August 12th, 2014, 04:02 PM  #11  
Senior Member Joined: Oct 2013 From: New York, USA Posts: 602 Thanks: 82  Quote:
Quote:
Using a random number generator for numbers from 1 to 3 with 3 being an S, I got 37 S out of 100 numbers. Therefore there were 63 D, which is enough for 12 trials, with the last 3 D and any S with them ignored. Counting four consecutive S as two sets of three and five consecutive S as three sets of three, I got 6 sets of at least three consecutive S from 12 trials, which is 0.5 per trial, which is much higher than the probability.  
August 12th, 2014, 04:32 PM  #12 
Math Team Joined: Dec 2013 From: Colombia Posts: 7,313 Thanks: 2447 Math Focus: Mainly analysis and algebra 
You shouldn't count sets of 3 consecutive S, but rather trials containing a set of 3. My point earlier about fours was to highlight that a set of four contains a set of three.

August 12th, 2014, 04:34 PM  #13 
Senior Member Joined: Oct 2013 From: New York, USA Posts: 602 Thanks: 82  
August 12th, 2014, 05:04 PM  #14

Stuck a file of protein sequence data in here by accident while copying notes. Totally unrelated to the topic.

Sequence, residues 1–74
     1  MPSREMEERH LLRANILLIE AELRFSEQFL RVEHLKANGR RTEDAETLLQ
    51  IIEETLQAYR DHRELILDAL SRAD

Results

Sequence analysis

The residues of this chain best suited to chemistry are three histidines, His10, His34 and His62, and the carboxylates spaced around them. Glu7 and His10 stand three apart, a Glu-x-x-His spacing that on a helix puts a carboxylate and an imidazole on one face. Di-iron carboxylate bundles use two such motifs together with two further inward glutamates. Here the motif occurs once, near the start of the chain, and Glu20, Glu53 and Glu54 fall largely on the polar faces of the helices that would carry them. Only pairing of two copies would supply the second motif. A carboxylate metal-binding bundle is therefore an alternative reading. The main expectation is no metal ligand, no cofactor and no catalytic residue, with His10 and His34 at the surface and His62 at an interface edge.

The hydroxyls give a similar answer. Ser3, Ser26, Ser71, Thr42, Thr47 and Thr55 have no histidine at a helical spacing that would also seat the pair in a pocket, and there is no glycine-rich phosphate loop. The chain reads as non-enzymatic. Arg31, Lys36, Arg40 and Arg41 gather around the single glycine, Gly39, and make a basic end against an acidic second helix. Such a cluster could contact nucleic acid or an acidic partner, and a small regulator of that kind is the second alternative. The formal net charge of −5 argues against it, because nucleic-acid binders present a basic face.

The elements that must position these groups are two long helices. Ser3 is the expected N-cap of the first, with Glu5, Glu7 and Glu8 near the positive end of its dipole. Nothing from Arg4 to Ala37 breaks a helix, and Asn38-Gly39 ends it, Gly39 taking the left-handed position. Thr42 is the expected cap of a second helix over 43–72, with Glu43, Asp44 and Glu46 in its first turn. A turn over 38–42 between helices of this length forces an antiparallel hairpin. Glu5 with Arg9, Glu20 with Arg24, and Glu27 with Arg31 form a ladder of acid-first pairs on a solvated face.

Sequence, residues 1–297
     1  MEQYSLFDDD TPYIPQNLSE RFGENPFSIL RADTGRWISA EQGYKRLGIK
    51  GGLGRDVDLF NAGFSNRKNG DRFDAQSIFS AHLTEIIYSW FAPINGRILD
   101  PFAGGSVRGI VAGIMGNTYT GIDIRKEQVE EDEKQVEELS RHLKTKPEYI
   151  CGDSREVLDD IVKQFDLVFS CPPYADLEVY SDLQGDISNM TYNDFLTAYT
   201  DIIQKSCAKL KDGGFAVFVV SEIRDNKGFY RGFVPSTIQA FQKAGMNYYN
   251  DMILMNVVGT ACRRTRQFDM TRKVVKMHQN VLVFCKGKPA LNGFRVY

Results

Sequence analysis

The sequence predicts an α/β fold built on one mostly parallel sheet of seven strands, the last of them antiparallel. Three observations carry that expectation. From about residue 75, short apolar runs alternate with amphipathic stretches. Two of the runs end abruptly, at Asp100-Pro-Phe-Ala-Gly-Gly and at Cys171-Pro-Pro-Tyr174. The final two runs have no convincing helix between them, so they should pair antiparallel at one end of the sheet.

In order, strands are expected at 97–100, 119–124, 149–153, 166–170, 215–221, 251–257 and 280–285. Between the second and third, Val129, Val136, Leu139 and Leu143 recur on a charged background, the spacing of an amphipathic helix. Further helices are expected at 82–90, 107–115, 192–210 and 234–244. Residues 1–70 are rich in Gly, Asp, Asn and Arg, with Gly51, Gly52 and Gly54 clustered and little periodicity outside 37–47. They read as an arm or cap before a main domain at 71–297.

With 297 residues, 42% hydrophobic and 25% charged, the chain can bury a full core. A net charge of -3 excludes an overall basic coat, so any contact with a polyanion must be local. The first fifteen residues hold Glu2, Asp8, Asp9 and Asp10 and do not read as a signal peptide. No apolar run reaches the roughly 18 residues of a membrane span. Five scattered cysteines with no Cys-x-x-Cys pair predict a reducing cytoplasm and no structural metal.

Math Team Joined: Dec 2013 From: Colombia Posts: 7,313 Thanks: 2447 Math Focus: Mainly analysis and algebra 
I've just run 10 million trials, of which 1,718,259 contained three consecutive draws. Code: use constant S => 1/3; use constant D => 1  S; use constant T => 100000000; use constant G => 5; use constant C => 3; my $t = 0; while ( $t < T ) { my $g = 0; my $c = 0; while ( $g < G ) { if ( rand() < S ) { $c++; } else { $c = 0 if $c < C; $g++; } } $t++; $s++ if $c >= C; } printf STDOUT "Trials: %10d Games per Trial: %2d P(Draw): %1.3f Consequetive Draws Sought: %2d\n", T, G, S, C; printf STDOUT "Trials Completed: %10d Trials Counted: %10d\n", $t, $s; Code: Trials: 10000000 Games per Trial: 5 P(Draw): 0.333 Consequetive Draws Sought: 3 Trials Completed: 10000000 Trials Counted: 1718259 Code: Trials: 100000000 Games per Trial: 5 P(Draw): 0.333 Consequetive Draws Sought: 3 Trials Completed: 100000000 Trials Counted: 17195001 Last edited by v8archie; August 12th, 2014 at 05:19 PM. 
August 13th, 2014, 02:00 PM  #15 
Senior Member Joined: Oct 2013 From: New York, USA Posts: 602 Thanks: 82 
Well 1,718,259 is close to the expected value of 1,719,665.

August 13th, 2014, 02:34 PM  #16 
Global Moderator Joined: Nov 2006 From: UTC 5 Posts: 16,046 Thanks: 937 Math Focus: Number theory, computational mathematics, combinatorics, FOM, symbolic logic, TCS, algorithms 
Yes, my original Monte Carlo of 10 million came to a similar number.


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